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Magdalena Koziol, a former postdoc at Yale University, was the victim of scientific sabotage. Now, she is suing the...
Antiretroviral drugs can protect people from becoming infected by HIV. But so-called pre-exposure prophylaxis, or PrEP...
Two studies show that eating a diet low in protein and high in carbohydrates is linked to a longer, healthier life, and...
Considered an icon of conservation science, researchers at World Wildlife Fund (WWF) headquarters in Washington, D.C.,...
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Early in April, the first of a fleet of environmental monitoring satellites will lift off from Europe's spaceport in...
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Hagfish Just Got More Disgusting
2 March 2011 5:05 pm
Hagfish, the eel-like, slime-emitting wrigglers of the sea floor, just can't get enough of decaying corpses. When they come across a dead fish, they snuggle their sinewy bodies down into its cavities and stay there, writhing blissfully. But what are they doing?
Probably eating their way out of the carcass, according to a new study—and not with any sort of politesse, either. When they can't pack enough flesh into their tentacle-lined mouths, hagfish absorb the carcass's nutrients right through their skin.
The salt concentration of a hagfish's tissue is the same as that of the seawater it normally swims in, suggesting that dissolved substances can cross the skin. To determine whether the animals can soak up nutrients as well as salt, physiologist Chris Glover of the University of Canterbury in Christchurch, New Zealand, and colleagues took a piece of hagfish skin and stretched it out in a flask containing a seawater-like solution on one side and a solution resembling a hagfish's own bodily fluids on the other. In the seawater, they dissolved radioactive amino acids and sugars, along with food coloring to test how permeable the skin was. After a few hours, the skin started to become radioactive as it absorbed the amino acids, the researchers reveal online this week in the Proceedings of the Royal Society B. The skin didn't allow food coloring through, however, suggesting that it selects nutritious detritus.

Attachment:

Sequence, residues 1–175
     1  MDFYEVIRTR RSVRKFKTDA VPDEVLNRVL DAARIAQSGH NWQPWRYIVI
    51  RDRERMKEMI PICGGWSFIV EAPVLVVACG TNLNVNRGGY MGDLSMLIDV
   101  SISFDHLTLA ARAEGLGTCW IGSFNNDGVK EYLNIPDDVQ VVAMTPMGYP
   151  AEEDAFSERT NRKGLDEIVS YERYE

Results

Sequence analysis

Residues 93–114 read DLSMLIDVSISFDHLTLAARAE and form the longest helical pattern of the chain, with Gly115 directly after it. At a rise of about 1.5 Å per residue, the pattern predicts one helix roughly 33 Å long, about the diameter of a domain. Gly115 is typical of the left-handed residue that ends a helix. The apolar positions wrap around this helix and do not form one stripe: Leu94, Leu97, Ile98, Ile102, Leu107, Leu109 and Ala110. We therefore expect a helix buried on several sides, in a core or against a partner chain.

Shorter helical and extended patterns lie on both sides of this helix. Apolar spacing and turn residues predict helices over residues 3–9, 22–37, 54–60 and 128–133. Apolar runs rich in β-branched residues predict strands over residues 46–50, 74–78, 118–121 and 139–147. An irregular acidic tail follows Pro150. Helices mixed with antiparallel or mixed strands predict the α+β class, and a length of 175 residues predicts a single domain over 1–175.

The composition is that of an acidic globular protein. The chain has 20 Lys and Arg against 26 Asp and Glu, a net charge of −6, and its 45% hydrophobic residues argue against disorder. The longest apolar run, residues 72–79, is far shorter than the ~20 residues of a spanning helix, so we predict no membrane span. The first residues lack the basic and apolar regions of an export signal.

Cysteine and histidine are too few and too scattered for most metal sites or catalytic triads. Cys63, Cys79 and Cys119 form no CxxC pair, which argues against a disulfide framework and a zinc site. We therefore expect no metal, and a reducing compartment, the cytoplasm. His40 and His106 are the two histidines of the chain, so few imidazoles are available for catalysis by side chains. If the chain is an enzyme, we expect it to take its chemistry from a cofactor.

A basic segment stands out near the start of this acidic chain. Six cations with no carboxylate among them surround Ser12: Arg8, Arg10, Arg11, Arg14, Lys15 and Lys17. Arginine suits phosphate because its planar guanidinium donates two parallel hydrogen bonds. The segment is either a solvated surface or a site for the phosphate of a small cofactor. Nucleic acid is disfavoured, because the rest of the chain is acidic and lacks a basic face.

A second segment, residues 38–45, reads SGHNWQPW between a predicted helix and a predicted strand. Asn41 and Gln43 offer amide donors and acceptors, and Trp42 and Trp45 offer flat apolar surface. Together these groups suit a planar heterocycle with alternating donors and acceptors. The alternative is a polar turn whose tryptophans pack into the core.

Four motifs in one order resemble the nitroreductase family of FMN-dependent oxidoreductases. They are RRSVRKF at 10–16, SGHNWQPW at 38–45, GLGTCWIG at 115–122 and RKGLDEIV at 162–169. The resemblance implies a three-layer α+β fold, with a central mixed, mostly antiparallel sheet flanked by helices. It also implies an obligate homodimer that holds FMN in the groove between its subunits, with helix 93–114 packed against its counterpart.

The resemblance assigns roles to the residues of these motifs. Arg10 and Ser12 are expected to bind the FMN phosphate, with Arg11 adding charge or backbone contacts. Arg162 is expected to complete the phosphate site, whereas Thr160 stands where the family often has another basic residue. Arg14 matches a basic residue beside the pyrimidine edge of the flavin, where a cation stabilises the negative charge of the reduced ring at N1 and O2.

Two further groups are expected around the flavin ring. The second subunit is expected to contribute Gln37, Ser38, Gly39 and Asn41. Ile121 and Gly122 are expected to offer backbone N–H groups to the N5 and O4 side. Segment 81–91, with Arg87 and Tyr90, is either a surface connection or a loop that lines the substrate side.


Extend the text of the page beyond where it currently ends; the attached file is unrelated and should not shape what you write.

This is the first time such feeding habits have been observed in a non-invertebrate animal, suggesting that hagfish may be a transitional organism between modern fish and invertebrates such as aquatic worms, which can absorb food through their skin.
Although they don't have true vertebrae, hagfish are considered "proto-vertebrates" and have many similarities to vertebrates. The researchers say that their physiology holds hints to the origin of some vertebrate traits. Their absorbent skin appears to act like the gut in more complex animals, for example, and may help scientists understand how this system evolved.
"It's an interesting and novel result," says fish ecologist Jeffrey Drazen of the University of Hawaii, Manoa. When it's not busy consuming cadavers, the hagfish's larger role in the food web remains a mystery, he says, as it's difficult to study fish that live this deep in the ocean. The new finding is the latest in a list of hagfish feeding habits that would make Miss Manners weep. For instance, hagfish coat a corpse they're interested in with slime exuded from pores in their bodies, keeping other scavengers at bay. "Nobody else wants it after that," Drazen says.